Literature

A Short Analysis of the Shakespeare Song ‘Blow, Blow, Thou Winter Wind’

The same play which gave us one of Shakespeare’s most famous speeches – the ‘seven ages of man’ speech beginning ‘All the world’s a stage’ – also gave us one of his most famous songs: ‘Blow, Blow, Thou Winter Wind’. Indeed, not only do both of these famous passages appear in the same play, As You Like It, but they even appear in the same scene : Act 2 Scene 7 of As You Like It.

Let’s take a closer look at the song ‘Blow, Blow, Thou Winter Wind’. Before we come to our analysis, though, here are the words to the song.

Blow, blow, thou winter wind,
Thou art not so unkind
As man’s ingratitude;
Thy tooth is not so keen,
Because thou art not seen,
Although thy breath be rude.
Heigh-ho! sing, heigh-ho! unto the green holly:
Most friendship is feigning, most loving mere folly:
Then, heigh-ho, the holly!
This life is most jolly.

Freeze, freeze, thou bitter sky,
That dost not bite so nigh
As benefits forgot:
Though thou the waters warp,
Thy sting is not so sharp
As friend remembered not.
Heigh-ho! sing, heigh-ho! unto the green holly:
Most friendship is feigning, most loving mere folly:
Then, heigh-ho, the holly!
This life is most jolly.

‘Blow, Blow, Thou Winter Wind’ is a song sung by Amiens, a lord and follower of Duke Senior in As You Like It. In the song, Amiens compares the harshness of the winter wind with the ungratefulness of human beings, finding the latter to be much more unkind.

Let’s go through the song and summarise its meaning, analysing some of its linguistic features:

Blow, blow, thou winter wind,
Thou art not so unkind
As man’s ingratitude;

Juliet Dusinberre, in her notes to the excellent As You Like It: Third Series (The Arden Shakespeare) edition of the play, notes that ‘wind’ would probably have been sung with a long i vowel sound, so it rhymed with ‘unkind’.)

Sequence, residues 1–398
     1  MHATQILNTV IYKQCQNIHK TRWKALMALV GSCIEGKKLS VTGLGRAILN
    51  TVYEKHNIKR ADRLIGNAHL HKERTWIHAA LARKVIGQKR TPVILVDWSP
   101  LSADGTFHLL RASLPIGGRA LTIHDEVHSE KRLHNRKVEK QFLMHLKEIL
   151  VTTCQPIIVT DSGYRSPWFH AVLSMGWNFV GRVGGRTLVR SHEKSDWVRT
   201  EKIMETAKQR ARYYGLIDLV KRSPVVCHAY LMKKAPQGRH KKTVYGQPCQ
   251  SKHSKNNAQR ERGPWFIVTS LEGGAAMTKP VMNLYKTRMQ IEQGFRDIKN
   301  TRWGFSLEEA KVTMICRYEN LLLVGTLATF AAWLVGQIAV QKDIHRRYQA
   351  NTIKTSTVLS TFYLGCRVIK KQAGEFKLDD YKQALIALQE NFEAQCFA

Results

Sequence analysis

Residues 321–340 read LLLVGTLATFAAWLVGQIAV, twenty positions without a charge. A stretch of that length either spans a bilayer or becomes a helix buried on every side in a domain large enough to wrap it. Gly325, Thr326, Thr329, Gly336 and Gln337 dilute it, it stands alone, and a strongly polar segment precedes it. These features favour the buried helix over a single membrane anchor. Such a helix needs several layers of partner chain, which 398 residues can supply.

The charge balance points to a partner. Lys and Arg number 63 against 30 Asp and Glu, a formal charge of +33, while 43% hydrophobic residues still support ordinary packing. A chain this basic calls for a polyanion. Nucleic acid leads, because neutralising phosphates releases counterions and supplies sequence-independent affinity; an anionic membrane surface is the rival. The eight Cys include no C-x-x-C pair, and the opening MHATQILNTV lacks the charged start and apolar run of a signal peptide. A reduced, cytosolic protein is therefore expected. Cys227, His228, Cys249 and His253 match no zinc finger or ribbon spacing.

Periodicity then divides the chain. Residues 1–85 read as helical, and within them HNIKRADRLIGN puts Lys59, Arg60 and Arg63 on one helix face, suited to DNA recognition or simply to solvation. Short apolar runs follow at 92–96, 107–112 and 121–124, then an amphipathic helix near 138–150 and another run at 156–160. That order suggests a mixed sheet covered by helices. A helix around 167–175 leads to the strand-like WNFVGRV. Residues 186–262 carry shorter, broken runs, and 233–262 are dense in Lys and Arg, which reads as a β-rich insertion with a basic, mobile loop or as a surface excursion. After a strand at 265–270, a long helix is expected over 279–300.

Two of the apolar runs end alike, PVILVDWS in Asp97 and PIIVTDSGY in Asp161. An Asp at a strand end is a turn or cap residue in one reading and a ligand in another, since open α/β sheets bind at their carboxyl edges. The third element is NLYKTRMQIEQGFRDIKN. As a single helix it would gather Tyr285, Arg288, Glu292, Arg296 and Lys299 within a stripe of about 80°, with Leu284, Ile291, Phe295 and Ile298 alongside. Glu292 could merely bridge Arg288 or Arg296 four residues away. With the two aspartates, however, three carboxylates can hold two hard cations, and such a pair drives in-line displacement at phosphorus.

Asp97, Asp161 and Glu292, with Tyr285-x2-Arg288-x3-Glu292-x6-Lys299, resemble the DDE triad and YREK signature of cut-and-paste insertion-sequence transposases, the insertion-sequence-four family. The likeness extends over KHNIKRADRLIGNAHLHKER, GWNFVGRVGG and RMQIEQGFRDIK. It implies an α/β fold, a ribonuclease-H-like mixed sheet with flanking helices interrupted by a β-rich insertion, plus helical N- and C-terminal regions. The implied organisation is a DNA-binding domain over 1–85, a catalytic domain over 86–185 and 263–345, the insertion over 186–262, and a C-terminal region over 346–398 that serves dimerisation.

Thy tooth is not so keen,
Because thou art not seen,
Although thy breath be rude.

Indeed, the winter wind, being invisible, is less duplicitous than human ingratitude, which often masks itself behind a friendly, smiling demeanour. (The smile is suggested by the idea of the ‘keen’ tooth of the wind.) The ‘breath’ of the cold winter wind may be harsh and rough (‘rude’) in the way it buffets our faces, but at least it isn’t pretending to be something it’s not.

Heigh-ho! sing, heigh-ho! unto the green holly:
Most friendship is feigning, most loving mere folly:
Then, heigh-ho, the holly!
This life is most jolly.

Although ‘heigh-ho’ can denote a sigh of resignation, it appears to convey joyfulness here, despite the negative mood of the preceding lines of Amiens’ song. This contrast between dispiritedness and jollity is a hallmark of many of Shakespeare’s songs. The reference to the ‘green holly’ fits with the ‘winter wind’: holly is an evergreen plant.

‘Most friendship is feigning’ looks back to ‘man’s ingratitude’ and the idea that humans are two-faced. Most love, too, is foolishness, and not real or ‘true’ love.

Freeze, freeze, thou bitter sky,
That dost not bite so nigh
As benefits forgot:

Amiens continues his use of the imperative mood, commanding the ‘bitter sky’ to freeze: he is saying to the heavens that bring down the snows and hail, ‘bring it on’. Again, even the coldest and bitterest frost in the air could not be as biting as ‘benefits forgot’: that is, people who have lost (or ‘forgot’) the advantages or blessings they have, such as from their friends or lovers. Once again, we’re back to ‘man’s ingratitude’.

Though thou the waters warp,
Thy sting is not so sharp
As friend remembered not.
Heigh-ho! sing, heigh-ho! unto the green holly:
Most friendship is feigning, most loving mere folly:
Then, heigh-ho, the holly!
This life is most jolly.

Although the cold and harsh wind makes the surface of the water on the lakes and rivers ‘warp’ or ripple, it does not sting as much as ‘friend remembered not’. As Dusinberre observes in her notes, the syntax here conveys a clever double meaning: ‘friend remembered not’ is both ‘the act of forgetting one’s friends’ and ‘the friend who is forgotten’. Both of these can be said to ‘sting’: the act itself hurts us as a species, and the individual who is neglected feels the stinging pain of being brushed aside in such a way.

Once again, Amiens concludes this second verse of ‘Blow, Blow, Thou Winter Wind’ with the same lines as concluded the first, with jollity – there in the very last word of the verse – playing off against the bitter meaning of the song.

Leave a Reply